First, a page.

Satellite Communications, estimates the cost of the site at US$630
million. It plans to use the Russian Proton rocket for satellite launches.
The first launch is slated for 2000.

Public theme channels
While commercial companies are setting up digital packages with dozens of
theme channels respectively, German pubcasters ARD and ZDF prepare for the
TV future by setting up two niche channels. The first one, targeted at
children, is slated to launch in January 1997. Programming plans for the
second channel are still vague. Originally thought to transmit German and
European parliamentary debates, it is now expected to also show live
transmissions from events of any kind. In any case, the channel will be
launched during the first half of 1997. Commercial competitors have
already complained about the public children's channel, arguing it was
beyond the pubcasters' legal obligation to provide basic programming.


Transponder News
* Today, Russian news channel NTW could be received in excellent quality
in Berlin on GALS 1 (36E), 12.169 GHz rhc. Reception now should be
possible with dishes as small as 90 cm (35"). ACT seems to have ceased
transmitting at 11.844 GHz lhc.
* A spokesman of Deutsche Telekom has confirmed that the company is trying
to migrate services on their satellite DFS 3 (23.5E) from analogue to
digital. He also stated that this goal probably wouldn't be achieved by
the end of the year, as originally planned.
According to Telekom, their digital TV package is due to start next
autumn, but it is becoming increasingly improbable that a sufficient
number of decoders will be available by then. source added that the
competing package set up by Leo Kirch is likely to have the same problem.

* Rai Pico is no longer broadcasting on EUTELSAT II-F4M (7E), 11.080 GHz
v. (Norbert Schlammer)


Zeroes and Ones

Internet access, Cuban style
There's yet another country whose officials think they can limit access to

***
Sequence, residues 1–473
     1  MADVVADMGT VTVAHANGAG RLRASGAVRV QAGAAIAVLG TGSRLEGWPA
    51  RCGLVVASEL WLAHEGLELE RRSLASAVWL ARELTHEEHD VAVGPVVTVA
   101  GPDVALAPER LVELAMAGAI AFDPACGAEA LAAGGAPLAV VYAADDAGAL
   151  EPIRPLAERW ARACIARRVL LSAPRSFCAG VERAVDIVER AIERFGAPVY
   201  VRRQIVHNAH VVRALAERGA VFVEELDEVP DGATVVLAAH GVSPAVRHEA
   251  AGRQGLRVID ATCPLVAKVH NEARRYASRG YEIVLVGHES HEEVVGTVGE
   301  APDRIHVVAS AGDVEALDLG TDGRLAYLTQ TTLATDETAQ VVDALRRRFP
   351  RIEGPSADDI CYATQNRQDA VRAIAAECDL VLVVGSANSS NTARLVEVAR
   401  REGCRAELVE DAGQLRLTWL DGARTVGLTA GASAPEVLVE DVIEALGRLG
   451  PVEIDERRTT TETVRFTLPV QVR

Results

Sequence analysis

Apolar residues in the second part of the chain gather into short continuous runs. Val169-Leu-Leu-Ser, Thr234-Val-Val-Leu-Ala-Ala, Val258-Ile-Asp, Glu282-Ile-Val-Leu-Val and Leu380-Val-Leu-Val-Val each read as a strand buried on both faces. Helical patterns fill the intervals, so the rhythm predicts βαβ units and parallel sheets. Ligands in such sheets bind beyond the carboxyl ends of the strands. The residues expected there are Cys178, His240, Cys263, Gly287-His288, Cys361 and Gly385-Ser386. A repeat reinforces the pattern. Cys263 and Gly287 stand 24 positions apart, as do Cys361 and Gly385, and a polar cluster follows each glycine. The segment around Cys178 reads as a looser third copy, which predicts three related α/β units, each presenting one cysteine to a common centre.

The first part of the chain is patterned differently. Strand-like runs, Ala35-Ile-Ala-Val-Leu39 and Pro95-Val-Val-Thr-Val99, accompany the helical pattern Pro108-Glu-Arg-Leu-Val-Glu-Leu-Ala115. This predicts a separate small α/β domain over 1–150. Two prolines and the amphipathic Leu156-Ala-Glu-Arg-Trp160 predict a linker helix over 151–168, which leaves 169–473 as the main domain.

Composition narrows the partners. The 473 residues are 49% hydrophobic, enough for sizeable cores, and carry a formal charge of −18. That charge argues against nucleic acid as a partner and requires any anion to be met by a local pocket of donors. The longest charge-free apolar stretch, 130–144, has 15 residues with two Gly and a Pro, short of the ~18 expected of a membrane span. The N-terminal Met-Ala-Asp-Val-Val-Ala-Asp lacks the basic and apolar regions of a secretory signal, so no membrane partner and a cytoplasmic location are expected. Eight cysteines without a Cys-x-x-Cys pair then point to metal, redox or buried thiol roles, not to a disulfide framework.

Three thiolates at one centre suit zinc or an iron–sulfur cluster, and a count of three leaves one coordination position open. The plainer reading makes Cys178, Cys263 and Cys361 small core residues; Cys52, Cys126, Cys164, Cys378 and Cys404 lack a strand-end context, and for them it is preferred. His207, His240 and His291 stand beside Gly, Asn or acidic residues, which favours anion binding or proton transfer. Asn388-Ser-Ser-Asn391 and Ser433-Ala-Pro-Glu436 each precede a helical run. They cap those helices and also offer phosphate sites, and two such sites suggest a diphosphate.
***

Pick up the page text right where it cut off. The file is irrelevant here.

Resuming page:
the Internet. The Communist Party newspaper of Cuba reported that such
regulations were adopted recently. However, censorship on a technical
basis will probably not be necessary because ordinary Cubans have no
chance to connect to the world-wide network anyway, given the country's
poor state of economy. But just to make sure, access was restricted to
organisations and individuals with relevance to the country's progress,
the paper said.

Sex, Lies and Online Services
It is probably not one of the commonly known facts that a German by the
name of Israel Beer Josaphat founded one of the first news agencies in the
world. Originally being Jewish, he was baptised a Christian later. He then
changed his name to Paul Julius Reuter, set up news agency in Aachen, and
in 1851 he moved to London. That's where a news agency by the name of
Reuters still is based today. 
However, more than 140 years later, the agency's output on Germany
probably isn't quite as accurate as back then. Just today, it claimed that
"Germany has recently (banned) entire discussion groups" on the Internet.
Sorry, dear colleagues, but that's complete rubbish. Europeans are of
course used to get this kind of over-simplified view by North American
news outlets, but now it seems as though even the glorified Anglo-Saxon
journalism is going down the drain, too.
Actually, neither the German government nor anybody else in this country
has banned any Internet newsgroup, simply because it isn't possible to do
so under existing law. It is true that the country's largest online
service, T-Online, has decided not to offer any newsgroup containing adult
material. It is also true that other Internet providers in Germany have
set up a central server designed to monitor and archive postings to
newsgroups (Sat-ND, 17.6.96.) There may be a ban on British beef, but no,
there is definitely no Government ban on any newsgroup whatsoever. 
It is interesting to notice that all those false claims spread by
international media for more than six months can be traced back to an
inaccurate press release issued by American online service CompuServe last
year, claiming German authorities had forced them to shut down certain
news groups. Wrong. Soon after that, CompuServe admitted that the company
itself had blocked access to those groups as a reaction to investigations
by German prosecutors while never being forced or ordered to do so  quite
a difference. In fact, CompuServe re-established access to most news
groups a few weeks later.


Thanks to our contributors --
Dr. Sarmaz: TAbajo@aol.com
Norbert Schlammer: 100415.3560@compuserve.com

========================================================
Copyright 1996 by Peter C. Klanowski, pck@LyNet.De. All rights reserved.